|Solar panel capacity||250W|
|Daily average system output||115.5kWh solar contribution per day|
|Inverters||3 x SMA TriPower 10,000TL|
|System monitoring||A custom ECG system|
ZEN Energy’s innovative design assists the University of Adelaide in its quest to become green. ZEN’s specialist solar team installed a 27.5kW (110 panels) solar system on the roof of the University of Adelaide’s Ingkarni Wardli Building in early 2013. The system was designed to offset a percentage of the building’s power needs, helping the university in its quest to become a green university.
About the project
The $100 million Ingkarni Wardli Building is part of the University of Adelaide’s North Terrace campus. Home to the Faculty of Engineering, Computer and Mathematical Sciences, the centre boasts world-class learning and research facilities and has a strong focus on preserving the environment.
The nine-storey building was the first education centre in Australia to be awarded a 6 Green Star rating when it opened in 2010. The rating was awarded by the Green Building Council of Australia – a national, not-for-profit organisation that encourages the adoption of green building practices.
The centre’s environmentally sustainable design features include an extensive underground rainwater harvesting system, orientation to make the most of natural light and thermal chimneys. The building already had a small solar system on its roof, but wanting to further minimise its environmental footprint the university decided to add to the system. The university engaged engineering consultants Lucid Consulting to undertake a tender for the project.
ZEN’s diverse experience in the solar industry and its professionalism saw the company beat several other solar suppliers to win the contract.
In early 2013, ZEN’s specialist solar team installed 110 panels on the roof of the building, helping the University in its quest to become an Ecoversity – a green university that is committed to reducing its environmental footprint and promoting a campus culture that values sustainable practices and initiatives.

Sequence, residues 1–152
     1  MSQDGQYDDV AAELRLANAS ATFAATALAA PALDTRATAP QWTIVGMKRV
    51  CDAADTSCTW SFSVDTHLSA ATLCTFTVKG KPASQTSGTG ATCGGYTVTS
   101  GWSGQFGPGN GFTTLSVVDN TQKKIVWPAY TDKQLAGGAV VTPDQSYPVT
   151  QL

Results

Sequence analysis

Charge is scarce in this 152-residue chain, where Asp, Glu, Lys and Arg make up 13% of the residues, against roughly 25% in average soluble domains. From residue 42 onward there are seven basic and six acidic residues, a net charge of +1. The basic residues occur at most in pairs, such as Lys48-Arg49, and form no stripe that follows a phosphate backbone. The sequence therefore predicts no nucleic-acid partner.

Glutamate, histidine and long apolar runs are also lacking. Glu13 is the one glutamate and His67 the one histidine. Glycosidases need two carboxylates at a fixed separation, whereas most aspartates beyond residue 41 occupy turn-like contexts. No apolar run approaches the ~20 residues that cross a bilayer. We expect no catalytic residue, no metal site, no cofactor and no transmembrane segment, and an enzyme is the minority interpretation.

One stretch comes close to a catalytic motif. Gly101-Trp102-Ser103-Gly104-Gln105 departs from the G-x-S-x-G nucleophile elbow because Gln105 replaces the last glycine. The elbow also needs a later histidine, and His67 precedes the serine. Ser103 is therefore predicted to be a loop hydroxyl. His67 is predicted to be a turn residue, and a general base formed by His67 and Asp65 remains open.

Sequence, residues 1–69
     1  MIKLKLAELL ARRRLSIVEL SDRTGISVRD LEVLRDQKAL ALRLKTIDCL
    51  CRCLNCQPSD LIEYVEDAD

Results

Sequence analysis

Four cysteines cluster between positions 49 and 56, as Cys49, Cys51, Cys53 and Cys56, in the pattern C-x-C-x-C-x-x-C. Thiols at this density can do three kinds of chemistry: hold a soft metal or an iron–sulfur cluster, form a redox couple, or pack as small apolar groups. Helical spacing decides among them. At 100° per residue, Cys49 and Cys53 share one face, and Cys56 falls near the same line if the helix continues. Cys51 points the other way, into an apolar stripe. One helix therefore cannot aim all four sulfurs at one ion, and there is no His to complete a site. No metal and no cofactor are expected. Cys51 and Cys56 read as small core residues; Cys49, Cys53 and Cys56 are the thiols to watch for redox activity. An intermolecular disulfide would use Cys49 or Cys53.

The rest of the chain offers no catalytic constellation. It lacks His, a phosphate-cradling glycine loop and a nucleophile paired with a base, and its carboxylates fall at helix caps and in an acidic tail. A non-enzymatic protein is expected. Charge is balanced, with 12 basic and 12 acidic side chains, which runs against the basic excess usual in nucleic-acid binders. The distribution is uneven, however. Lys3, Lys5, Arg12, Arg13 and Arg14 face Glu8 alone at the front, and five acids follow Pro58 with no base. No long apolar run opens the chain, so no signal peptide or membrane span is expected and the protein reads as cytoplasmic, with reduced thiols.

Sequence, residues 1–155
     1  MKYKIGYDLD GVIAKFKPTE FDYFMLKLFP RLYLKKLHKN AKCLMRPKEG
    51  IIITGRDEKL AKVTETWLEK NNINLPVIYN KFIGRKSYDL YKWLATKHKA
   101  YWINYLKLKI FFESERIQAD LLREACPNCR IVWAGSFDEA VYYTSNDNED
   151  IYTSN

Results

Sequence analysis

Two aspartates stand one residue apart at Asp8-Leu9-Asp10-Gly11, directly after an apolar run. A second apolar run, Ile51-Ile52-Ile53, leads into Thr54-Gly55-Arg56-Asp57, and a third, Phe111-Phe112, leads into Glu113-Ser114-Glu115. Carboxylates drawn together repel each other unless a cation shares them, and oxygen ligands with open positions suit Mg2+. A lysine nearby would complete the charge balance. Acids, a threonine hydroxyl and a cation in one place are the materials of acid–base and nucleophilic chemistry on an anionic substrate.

Designing the project
The University of Adelaide’s motivation behind expanding its solar system was to reduce the Ingkarni Wardli Building’s impact on the environment. Saving money on energy costs was a welcome by-product of this.
The biggest barrier for ZEN’s specialist solar team in installing the system was how to safely secure the campus, which is used seven days a week by students. In consultation with university staff, it was decided to undertake the bulk of the work on the weekend, when the university was at its quietest. This allowed ZEN to safely operate a crane to install the system with minimal disruption to staff and students.
The 27.5kW solar energy system has the potential to generate up to 30 per cent of the electricity used by the 11,000 square metre building.
How the system works
The 110 panels are fixed to the roof of the building on angular frames. ZEN’s expert solar team decided to use the angle frames to tilt the panels to be north facing, maximising the amount of energy the system generates.
The 27.5kW ZEN solution was kept at this capacity to meet a requirement the university has with the SA Power Networks that solar power cannot provide any more than 30 per cent of the building’s base load requirements.
The project was delivered by ZEN’s specialist solar team on time and on the budget. The University of Adelaide plans on using the solar system in its marketing, to further promote the world-class campus as a sustainable centre.
The ZEN Energy solution also has spin-off benefits for the building’s engineering, mathematical science and computer students, who will incorporate the data produced by the system, such as panel output and CO2 saved, in their learning.
The University of Adelaide’s Senior Technical Officer (Mechanical Electrical) Damon Golledge said the project had been a success.
“It’s been a great project and a great profile for ZEN and us.”
Damon Golledge | University of Adelaide’s Senior Technical Officer (Mechanical Electrical)